Going Green With Shingles

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Merely choosing the right material could result in as much as a thirty percent decrease in your home’s energy needs. Cool roofs relate to roofs that are cold in both senses of the statement. Lighter in color than traditional black asphalt or dark wood shingles. Cool roofs spare energy by reflecting light and high temperature away instead of absorbing both. This is known as the albedo effect. Study after study in the last few years has noted notable energy savings from clearly lightening the color of a roof. The climate outside may be 95 degrees but your dark roof is drawing,sucking a much higher temperature toward you and your home. This makes the rooms beneath hotter and making the air conditioner struggle harder.

A cool roof can be 50 to 60 degrees lower than a traditional dark-colored roof, reducing the cooling load on your home, saving energy and reducing utility costs. By lessening the solar gain and heat retention of your residence. There has been some companies that have designed roofing material to be energy efficient. CertainTeed has currently come out with their Landmark Solaris which is an Energy Star rated resource. This means there is a tax credit of up to $1,500 available with the installation. This brand is a composition shingle with a reflective element. It is made in five colors. Landmark Solaris is an imitation of the widespread Landmark Premium which is part of their Landmark Series.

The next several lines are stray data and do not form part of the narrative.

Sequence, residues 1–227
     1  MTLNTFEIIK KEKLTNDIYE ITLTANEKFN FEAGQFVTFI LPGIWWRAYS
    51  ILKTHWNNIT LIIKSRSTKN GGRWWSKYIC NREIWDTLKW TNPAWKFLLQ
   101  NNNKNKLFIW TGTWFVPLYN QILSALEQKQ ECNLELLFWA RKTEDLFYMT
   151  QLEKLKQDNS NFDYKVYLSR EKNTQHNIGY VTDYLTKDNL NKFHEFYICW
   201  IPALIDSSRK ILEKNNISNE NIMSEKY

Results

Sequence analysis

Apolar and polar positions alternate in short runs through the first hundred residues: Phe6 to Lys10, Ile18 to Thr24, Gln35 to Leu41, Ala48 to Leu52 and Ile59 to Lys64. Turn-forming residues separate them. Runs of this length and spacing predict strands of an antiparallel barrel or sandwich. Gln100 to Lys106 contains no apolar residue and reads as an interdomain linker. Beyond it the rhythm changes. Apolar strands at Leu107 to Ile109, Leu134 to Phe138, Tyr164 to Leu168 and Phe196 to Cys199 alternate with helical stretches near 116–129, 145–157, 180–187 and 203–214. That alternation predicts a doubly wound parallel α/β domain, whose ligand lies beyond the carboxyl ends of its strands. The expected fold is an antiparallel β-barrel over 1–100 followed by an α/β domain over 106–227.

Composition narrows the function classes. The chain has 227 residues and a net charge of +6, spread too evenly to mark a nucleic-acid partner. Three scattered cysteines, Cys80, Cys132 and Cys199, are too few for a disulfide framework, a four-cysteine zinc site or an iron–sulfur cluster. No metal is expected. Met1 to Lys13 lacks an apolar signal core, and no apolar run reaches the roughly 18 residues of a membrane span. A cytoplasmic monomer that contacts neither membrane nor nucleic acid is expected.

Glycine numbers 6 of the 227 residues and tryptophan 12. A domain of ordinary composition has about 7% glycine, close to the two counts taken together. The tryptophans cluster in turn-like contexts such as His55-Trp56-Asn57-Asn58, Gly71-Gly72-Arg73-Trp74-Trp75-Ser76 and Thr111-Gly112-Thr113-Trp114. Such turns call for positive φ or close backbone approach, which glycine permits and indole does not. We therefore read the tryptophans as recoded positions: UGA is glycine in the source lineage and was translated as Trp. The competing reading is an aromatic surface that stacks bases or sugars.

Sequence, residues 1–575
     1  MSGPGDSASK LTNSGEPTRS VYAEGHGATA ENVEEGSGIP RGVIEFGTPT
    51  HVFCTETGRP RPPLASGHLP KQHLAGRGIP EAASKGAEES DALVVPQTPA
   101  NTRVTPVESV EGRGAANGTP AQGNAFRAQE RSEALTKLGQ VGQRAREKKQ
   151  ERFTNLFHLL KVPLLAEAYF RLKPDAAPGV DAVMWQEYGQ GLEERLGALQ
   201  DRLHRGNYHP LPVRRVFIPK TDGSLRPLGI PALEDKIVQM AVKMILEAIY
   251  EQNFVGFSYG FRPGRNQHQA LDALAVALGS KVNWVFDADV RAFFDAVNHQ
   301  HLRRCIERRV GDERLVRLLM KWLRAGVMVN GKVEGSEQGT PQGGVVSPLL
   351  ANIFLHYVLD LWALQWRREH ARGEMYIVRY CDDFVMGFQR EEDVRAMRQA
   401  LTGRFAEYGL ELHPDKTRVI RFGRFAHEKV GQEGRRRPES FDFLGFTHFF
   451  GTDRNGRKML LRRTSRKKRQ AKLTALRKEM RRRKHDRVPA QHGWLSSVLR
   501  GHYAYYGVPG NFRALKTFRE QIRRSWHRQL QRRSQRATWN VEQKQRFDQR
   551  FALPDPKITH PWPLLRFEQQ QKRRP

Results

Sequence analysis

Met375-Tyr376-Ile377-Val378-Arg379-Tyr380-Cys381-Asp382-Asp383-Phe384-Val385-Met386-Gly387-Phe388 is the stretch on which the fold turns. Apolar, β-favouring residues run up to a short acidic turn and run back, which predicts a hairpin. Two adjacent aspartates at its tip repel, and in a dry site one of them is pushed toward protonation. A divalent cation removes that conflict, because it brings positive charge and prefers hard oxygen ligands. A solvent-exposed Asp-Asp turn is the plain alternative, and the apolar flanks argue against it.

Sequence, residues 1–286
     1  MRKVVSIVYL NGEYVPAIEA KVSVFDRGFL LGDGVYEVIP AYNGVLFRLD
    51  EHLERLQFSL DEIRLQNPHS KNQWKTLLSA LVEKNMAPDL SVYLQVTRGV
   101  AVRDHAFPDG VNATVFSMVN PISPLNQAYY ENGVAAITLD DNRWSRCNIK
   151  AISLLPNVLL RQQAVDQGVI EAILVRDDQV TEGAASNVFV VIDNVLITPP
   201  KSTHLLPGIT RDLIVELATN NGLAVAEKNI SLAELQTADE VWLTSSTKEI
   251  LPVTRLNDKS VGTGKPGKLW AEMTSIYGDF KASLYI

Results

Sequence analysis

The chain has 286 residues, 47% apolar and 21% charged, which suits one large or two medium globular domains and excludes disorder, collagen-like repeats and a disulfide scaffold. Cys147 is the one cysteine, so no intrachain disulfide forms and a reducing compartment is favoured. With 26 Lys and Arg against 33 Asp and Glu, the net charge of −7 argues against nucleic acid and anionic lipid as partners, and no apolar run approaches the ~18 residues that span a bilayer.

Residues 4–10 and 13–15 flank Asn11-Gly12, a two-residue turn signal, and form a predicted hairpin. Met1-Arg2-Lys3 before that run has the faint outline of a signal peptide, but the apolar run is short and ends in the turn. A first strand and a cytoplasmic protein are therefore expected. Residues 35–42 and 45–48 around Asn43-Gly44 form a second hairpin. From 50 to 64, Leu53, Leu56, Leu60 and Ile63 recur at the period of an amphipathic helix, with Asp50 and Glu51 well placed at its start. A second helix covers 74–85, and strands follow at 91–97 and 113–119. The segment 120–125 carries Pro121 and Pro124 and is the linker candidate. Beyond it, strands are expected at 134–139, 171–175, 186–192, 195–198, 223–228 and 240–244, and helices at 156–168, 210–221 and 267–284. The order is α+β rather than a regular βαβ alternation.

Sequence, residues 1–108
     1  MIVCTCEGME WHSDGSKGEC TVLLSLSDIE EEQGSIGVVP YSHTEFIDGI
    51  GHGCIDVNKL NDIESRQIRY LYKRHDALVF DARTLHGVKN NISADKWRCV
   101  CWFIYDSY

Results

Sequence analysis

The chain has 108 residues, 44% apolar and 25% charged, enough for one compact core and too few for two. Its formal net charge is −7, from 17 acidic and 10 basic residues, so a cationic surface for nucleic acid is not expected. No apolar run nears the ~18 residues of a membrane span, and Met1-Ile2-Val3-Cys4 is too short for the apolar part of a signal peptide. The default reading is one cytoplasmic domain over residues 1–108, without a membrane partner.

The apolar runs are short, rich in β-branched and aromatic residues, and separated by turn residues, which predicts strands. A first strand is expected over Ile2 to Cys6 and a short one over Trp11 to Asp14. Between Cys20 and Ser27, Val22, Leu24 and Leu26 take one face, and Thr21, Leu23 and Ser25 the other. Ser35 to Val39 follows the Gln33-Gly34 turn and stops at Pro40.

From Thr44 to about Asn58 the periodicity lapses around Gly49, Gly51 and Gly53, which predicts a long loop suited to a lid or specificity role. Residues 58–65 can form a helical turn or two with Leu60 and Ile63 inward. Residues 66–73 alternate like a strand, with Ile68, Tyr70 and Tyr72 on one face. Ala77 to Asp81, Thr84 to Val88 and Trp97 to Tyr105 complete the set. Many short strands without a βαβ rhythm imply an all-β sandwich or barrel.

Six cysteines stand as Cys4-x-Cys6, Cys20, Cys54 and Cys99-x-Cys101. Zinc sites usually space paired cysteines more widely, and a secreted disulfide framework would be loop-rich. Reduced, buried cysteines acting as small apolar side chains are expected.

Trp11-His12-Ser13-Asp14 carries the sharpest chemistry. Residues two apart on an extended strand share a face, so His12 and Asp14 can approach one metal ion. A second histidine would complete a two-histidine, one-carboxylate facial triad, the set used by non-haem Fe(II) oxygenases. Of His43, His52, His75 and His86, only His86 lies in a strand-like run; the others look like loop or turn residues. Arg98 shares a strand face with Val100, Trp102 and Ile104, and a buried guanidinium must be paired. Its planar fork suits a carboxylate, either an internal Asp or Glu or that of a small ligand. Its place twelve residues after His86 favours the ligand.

This is a nice looking line. This product is confirmed to cut back your heating bills.

This is an extravagant product but there is a $1500 tax credit that may be available.

There is also the GAF-ELK Timberline Cool Series shingle accessible. The main flaw with the Cool Series is that the colors are very light wherein CertainTeed’s color scheme has black and darker browns.

The attic is frequently the top priority because installing insulation there is easily done and provides instantaneous benefits. When insulating the attic, it’s eminent not to avoid the roof. Deciding on the right insulation isn’t always the best idea.

Roofs are your heating and cooling systems’ biggest nightmare. A poorly insulated roof will cause more air conditioning in the summer and more heating in the winter. If you have any dreams of actually living in the attic of a house with an inferior insulated roof, forget about it. Even if you do have good insulation, it may not be what it takes to accommodate. A sufficiently insulated roof can almost annihilate the need to update your heating and cooling unit.

Bringing together a well insulated roof with excellent energy rated shingles could lower your heating and cooling bill and give you with the opportunity to collect tax credits.

With new supposedly green roofing materials coming to market every month, it’s hard to separate the great from the fake. On the CertainTeed website they published the following material:

It is still a great time to increase your home’s energy efficiency, lower your taxes and utility bills and reduce your impact on the environment. The Tax Relief, Unemployment Insurance Reauthorization and Job Creation Act of 2010 (H.R. 4853) entitles you to an energy tax credit of up to $500 on energy-efficient building materials like insulation and roofing. Restrictions apply, such as limits for individual projects.

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Source by Emmett T Smith